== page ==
The Isilon F810 storage platform and ClarityNow data management software, both introduced by Dell EMC this week, aim to meet the growing amount of unstructured data generated by artificial intelligence (AI), big data analytics, and other emerging applications.
The Isilon F810 is a flash storage system that executes as much as 250,000 input/output operations per second (IOPS) and 15 Gbps of bandwidth in a 4U chassis. The platform scales to 9 million IOPS and 540 Gbps of aggregate throughput in a 144-node cluster. The Isilon has an inline data compression ratio of 3 to 1. The platform offers an effective storage capacity of 2.2 petabytes in a 4U chassis to 79.6 petabytes in a 144-node cluster.
“The new Isilon offering builds nicely on the existing Isilon line, delivering stellar performance and compression capabilities,” Steve McDowell, the senior analyst for storage and converged systems at Moor Insights & Strategy, told SDxCentral.
ClarityNow data management software, which supports both the Isilon and Elastic Cloud Storage (ESC) platforms, helps manage organizations’ file-based workflows. This enables a unified global file system view across heterogeneous distributed storage and the cloud. ClarityNow provides insights into enterprise file data usage and storage capacity, and it gives users the ability to move files anywhere in the distributed system.
This addresses the need for a unified way to manage, visualize, and get insight from unstructured data, said Julia Palmer, Gartner’s senior research director for emerging infrastructure technologies. “It is especially relevant to many Dell EMC customers who have deployed large scale Isilon and ECS solutions and looking to increase efficiency and improve life cycle management,” she added.
There obviously is a lot to manage. “Businesses are experiencing an explosion of data that all have to store and manage – much of it unstructured data like video, audio files, photos, presentations, web pages plus e-mail messages,” Mike Noble, senior product marketing manager for Isilon, told SDxCentral. “Moreover, organizations continue looking to achieve further value from their data, by investing in data analytics and artificial intelligence applications that require access and availability of data stores from across disparate storage silos and the cloud.”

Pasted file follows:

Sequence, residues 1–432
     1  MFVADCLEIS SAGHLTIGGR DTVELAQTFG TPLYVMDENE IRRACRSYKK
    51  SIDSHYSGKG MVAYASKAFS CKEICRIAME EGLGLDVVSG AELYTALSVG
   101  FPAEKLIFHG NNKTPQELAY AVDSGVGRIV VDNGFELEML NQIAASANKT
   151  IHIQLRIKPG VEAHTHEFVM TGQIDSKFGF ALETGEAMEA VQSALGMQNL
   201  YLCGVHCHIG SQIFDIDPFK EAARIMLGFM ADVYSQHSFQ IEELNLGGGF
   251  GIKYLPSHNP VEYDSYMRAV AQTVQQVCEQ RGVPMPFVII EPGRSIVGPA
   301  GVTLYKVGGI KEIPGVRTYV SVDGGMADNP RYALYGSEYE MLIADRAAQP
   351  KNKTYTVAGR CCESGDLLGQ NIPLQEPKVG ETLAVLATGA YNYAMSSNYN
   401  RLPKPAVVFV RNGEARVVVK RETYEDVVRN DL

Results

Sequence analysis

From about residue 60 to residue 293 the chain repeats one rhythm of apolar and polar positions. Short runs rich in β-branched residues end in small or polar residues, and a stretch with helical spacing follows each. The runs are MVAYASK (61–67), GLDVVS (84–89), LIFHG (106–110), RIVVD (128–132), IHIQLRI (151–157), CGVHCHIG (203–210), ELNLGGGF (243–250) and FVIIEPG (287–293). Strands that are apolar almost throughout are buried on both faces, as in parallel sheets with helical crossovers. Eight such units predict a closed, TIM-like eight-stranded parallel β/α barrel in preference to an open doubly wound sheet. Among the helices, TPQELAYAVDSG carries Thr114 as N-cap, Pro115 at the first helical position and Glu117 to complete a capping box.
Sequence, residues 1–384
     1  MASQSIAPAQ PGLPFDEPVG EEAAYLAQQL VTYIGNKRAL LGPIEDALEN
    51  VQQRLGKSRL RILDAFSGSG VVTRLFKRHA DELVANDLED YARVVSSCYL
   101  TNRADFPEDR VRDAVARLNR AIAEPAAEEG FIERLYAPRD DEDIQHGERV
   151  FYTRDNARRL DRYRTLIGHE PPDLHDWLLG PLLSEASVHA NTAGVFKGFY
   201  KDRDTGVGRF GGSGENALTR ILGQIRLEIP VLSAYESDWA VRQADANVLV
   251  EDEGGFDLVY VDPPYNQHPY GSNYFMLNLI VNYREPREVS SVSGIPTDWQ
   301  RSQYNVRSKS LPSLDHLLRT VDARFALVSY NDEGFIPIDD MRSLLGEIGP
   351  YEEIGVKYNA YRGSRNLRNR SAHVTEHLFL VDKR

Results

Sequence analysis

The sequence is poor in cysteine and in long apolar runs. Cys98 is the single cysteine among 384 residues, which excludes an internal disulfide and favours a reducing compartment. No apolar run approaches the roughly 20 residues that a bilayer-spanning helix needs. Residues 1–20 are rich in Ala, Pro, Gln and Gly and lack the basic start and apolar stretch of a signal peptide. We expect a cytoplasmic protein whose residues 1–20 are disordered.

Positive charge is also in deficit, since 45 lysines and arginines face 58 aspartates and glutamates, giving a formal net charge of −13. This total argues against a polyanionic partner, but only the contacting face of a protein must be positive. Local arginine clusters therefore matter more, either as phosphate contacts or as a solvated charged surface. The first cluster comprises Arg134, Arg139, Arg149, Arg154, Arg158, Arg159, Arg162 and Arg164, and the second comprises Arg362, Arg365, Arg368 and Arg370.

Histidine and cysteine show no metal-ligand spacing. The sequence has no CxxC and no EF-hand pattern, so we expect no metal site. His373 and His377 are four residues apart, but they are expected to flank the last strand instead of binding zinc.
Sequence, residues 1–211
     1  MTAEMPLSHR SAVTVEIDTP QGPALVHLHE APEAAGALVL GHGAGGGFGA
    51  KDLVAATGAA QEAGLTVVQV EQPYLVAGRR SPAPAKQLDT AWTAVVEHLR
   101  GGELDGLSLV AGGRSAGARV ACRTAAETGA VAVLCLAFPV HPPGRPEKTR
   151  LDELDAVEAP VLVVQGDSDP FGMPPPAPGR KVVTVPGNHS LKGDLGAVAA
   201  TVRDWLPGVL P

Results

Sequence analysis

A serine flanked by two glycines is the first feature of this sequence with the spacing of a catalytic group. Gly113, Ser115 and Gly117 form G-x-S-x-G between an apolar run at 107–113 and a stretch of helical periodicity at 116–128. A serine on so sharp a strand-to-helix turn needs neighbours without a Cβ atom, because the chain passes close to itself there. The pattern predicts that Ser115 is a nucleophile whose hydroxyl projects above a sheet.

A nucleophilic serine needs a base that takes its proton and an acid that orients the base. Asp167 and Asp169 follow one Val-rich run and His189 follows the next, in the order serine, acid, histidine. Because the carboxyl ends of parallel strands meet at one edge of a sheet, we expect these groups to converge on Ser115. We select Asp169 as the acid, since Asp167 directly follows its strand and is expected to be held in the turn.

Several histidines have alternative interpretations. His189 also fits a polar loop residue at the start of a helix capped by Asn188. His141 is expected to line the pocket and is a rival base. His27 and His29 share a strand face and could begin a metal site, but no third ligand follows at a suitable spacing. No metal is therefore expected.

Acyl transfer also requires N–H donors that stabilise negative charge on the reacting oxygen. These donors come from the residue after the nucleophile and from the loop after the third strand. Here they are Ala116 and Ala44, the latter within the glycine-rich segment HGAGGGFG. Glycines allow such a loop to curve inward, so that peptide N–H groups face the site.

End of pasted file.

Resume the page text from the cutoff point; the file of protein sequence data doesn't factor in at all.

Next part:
Meeting the Unstructured Data Challenge
The analysts pointed to concern among IT professionals about the explosion of data that comes to their organizations in more challenging and less well-defined ways than in the past. “IT leaders are expressing a growing demand for storage solutions that based on distributed shared-nothing architecture and can scale linearly in capacity and performance to manage massive amounts of unstructured data,” Palmer wrote in an email.
This is the landscape into which the new Dell EMC product is being introduced. “Aggressive new requirements for both performance and scale are now propelling distributed file system products like Isilon F810 to the forefront of both existing use cases like high-performance computing (HPC), analytics as well as emerging ones like AI and machine learning (ML),” she wrote.
McDowell said that a dramatic technology upgrade cycle is underway. The economics of NAND flash makes it attractive for near-line and hot storage, which is driving greater density. Non-volatile memory is increasing throughput and latencies and NVMe-over-fabric is “about to change how we think about SANs.”
He said the new Isilon platform “sits slightly ahead of the curve with what’s happening in the market. It has impressive scalability and performance numbers. The ability to serve nearly a petabyte of raw all-flash storage in 4U, enhanced with new inline-compression that Dell claims delivers 35 percent improvement over existing compression, goes beyond incremental.”